Friday, 26 October 2012

Can Logitech survive in a Post-PC world?

Yesterday I started a new series on the move towards Post-PC architectures, laying out what I believed a Post-PC device was. In essence its a low-cost, mobile device that acts as a window into a cloud ecosystem, has a more integrated hardware design and is often sold with an upfront subsidy. Oh and you'll probably be owning more than one of them.

I want to move on now to consider the implications for the various business models across the industry. Like any good bully I'm going to start by picking on the easy targets, the incumbent business models of PC manufacturers, and point out some of the obvious stress points.

Watch Out Wintel!

Great book - but can Intel practice
what they preach?
Well actually quite a lot, if you have any sort of economic interest in the current PC era. The current PC value chain is dominated by two companies - Microsoft and Intel. With their cool 40% operating margins they skim off the lions share of profits, leaving DRAM vendors, hard disk manufacturers and PC OEM's fighting it out for single-digit margins at the bottom of the pile. Note its a common fallacy that PCs are a low-or-no-margin business. They are actually a massively high margin business, but only if you name starts with "Microsof-" or ends with "-ntel".

These two profit pools (Microsoft's Windows and Office licences and Intel's CPU sales) are most directly threatened by the shift away from PCs. The move to post-PC devices removes one of their great competitive moats, which is that (apart from the limited OSX domain) there was no competing ecosystem users could play in other than the Windows Desktop. In essence buying an Intel CPU or a Windows licence was an obligatory tax you had to pay before you could use a computer. No longer.

Now this moat, which is one of the great economic monuments of our time, does not vanish overnight. As I said - the sluggards of the enterprise world are likely to remain a great bulwark supporting their profits for years to come.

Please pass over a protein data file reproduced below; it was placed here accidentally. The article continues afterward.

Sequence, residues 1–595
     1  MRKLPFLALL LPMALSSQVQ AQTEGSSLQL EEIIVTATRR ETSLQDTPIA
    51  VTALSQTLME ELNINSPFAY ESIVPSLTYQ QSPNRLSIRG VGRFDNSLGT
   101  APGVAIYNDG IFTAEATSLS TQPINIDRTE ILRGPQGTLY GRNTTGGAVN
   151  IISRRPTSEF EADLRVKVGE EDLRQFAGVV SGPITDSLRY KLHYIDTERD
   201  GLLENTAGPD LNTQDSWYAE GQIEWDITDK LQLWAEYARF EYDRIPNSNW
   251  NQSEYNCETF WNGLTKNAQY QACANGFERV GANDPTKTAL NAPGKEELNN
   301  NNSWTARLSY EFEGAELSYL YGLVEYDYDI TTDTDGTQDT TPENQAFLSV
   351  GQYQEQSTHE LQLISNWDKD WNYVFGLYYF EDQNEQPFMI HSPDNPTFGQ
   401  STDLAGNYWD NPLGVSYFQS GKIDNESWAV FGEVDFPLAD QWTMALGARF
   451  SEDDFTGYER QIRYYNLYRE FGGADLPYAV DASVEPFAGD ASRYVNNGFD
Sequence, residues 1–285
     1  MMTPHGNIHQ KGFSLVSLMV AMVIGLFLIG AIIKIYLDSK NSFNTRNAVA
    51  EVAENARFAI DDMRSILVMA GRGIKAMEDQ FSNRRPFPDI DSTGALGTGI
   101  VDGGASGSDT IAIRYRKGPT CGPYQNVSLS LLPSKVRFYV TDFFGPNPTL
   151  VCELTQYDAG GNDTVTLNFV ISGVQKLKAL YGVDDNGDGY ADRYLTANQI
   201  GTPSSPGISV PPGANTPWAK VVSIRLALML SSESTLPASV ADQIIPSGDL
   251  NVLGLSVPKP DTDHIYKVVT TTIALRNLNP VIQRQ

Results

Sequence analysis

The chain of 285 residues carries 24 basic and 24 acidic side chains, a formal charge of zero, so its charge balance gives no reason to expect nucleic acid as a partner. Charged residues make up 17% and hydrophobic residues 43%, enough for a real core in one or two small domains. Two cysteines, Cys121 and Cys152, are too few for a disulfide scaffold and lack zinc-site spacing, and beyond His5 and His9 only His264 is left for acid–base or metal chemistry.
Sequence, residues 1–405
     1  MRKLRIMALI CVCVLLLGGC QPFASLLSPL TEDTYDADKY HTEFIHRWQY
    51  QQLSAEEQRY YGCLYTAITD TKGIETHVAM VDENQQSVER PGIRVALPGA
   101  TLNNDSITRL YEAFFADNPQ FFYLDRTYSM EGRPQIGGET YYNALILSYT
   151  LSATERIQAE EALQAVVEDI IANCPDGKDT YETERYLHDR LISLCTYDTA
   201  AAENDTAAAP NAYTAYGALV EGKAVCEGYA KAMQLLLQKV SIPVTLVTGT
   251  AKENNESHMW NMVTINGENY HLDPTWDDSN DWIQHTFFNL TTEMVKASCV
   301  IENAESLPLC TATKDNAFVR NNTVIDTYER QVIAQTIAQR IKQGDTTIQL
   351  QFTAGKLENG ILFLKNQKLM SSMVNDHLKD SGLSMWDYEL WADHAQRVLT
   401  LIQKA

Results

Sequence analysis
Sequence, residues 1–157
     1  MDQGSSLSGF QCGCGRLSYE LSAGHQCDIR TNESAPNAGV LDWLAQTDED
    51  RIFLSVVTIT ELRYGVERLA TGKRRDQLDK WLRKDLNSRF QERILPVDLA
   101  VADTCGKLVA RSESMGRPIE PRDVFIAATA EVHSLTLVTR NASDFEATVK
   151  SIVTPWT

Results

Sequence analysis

Also Intel have moved frighteningly quickly with the mobile SOC development. Having been caught napping by ARM, Medfield is now not only feature but battery-life comparable to ARM. With their fearsome execution engine Intel will only move ahead from here.

But the problem is that an ARM SOC sells for $20-30 versus $100 for a full-fat Intel processor. Both are sufficient to power a single device - the problem is the post-PC device is a lot cheaper. And even in high-margin enterprise servers - the ultimate fortress for Intel's horsepower, ARM are starting to get a foot in the door.

For Microsoft the launch of Windows 8 becomes ever more critical. By all accounts they've done a good job of executing on what is essentially a compromise between two worlds. Actually MSFT's execution over the last few years has been great (Courier notwithstanding). But the problem is that slick new products like Kinect, or Windows Phone 7 can't outweight the ballast of Office + Windows in their revenue mix. That's doubly clear if you break out the profit contributions:


Of course as I said, most the enterprise world is barely getting its head around the idea that they can move to Windows 7, let along Windows 8 or - god forsake - some untried and un-enterprise-grade Post-PC gig. Just so long as you remember though that nothing lasts forever...


Look Out Logitech!